Background: There is disagreement about whether so-called minimally
invasive approaches result in faster recovery following total knee
arthroplasty. It is also unknown whether patients are exposed to excess risk
during the surgeon's learning curve. We hypothesized that a minimally invasive
quadriceps-sparing approach to total knee arthroplasty would allow earlier
clinical recovery but would require longer operative times and compromise
component alignment during the learning period compared with a traditional
medial parapatellar approach.
Methods: The first 100 minimally invasive total knee arthroplasties
done by a single high-volume arthroplasty surgeon were compared with his
previous fifty procedures performed through a medial parapatellar approach,
with respect to operative times, implant alignment, and clinical outcomes.
Radiographic end points and operative times for the minimally invasive group
were evaluated against increasing surgical experience, in order to
characterize the learning curve.
Results: Overall, the minimally invasive approach took significantly
longer to perform, on the average, than a medial parapatellar approach (86.3
and 78.9 minutes, respectively; p = 0.01); this was the result of especially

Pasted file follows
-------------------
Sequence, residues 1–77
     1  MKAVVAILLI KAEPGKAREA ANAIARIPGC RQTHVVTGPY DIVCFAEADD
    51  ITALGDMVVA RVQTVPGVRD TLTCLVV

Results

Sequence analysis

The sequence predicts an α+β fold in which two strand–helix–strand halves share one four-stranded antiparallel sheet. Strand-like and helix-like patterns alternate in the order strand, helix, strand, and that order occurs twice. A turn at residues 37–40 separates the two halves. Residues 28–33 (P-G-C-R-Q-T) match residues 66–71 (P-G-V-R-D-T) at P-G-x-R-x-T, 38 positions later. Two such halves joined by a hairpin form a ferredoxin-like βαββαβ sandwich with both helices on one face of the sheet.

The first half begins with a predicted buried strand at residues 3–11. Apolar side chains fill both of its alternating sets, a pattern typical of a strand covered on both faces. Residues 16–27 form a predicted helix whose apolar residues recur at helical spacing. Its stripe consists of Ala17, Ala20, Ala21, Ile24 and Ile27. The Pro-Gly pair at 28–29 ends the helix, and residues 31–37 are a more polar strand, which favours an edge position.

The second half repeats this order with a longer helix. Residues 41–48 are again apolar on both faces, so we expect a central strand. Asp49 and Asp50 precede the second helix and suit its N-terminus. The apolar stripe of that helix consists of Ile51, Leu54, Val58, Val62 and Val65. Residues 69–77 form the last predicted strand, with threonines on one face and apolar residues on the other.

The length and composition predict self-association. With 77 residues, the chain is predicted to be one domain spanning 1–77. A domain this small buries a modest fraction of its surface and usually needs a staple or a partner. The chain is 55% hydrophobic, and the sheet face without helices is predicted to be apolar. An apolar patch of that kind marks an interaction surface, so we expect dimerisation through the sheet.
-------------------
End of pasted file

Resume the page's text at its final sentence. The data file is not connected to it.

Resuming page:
long operative times in the first twenty-five patients in the minimally
invasive group (mean, 102.5 minutes). After the first twenty-five minimally
invasive operations, no significant difference in the operative times was
detected between the groups. The first twenty-five minimally invasive
procedures had significantly less patellar resection accuracy (p < 0.001)
and significantly more patellar tilt than the last twenty-five (p = 0.006).
Other end points for implant alignment, including the frequency of
radiographic outliers, were not different between the minimally invasive and
traditional groups. The patients who had the minimally invasive approach
demonstrated significantly better clinical outcomes with respect to the length
of hospital stay (p < 0.0001), need for inpatient rehabilitation after
discharge (p < 0.001), narcotic usage at two and six weeks postoperatively
(p = 0.001 and p = 0.01, respectively), and the need for assistive devices to
walk at two weeks postoperatively (p = 0.025).
Conclusions: A quadriceps-sparing minimally invasive approach seems
to facilitate recovery, but a substantial learning curve (fifty procedures in
the hands of a high-volume arthroplasty surgeon) may be required. If this
experience is typical, the learning curve may be unacceptably long for a
low-volume arthroplasty surgeon.
Level of Evidence: Therapeutic Level III. See
Instructions to Authors for a complete description of levels of evidence.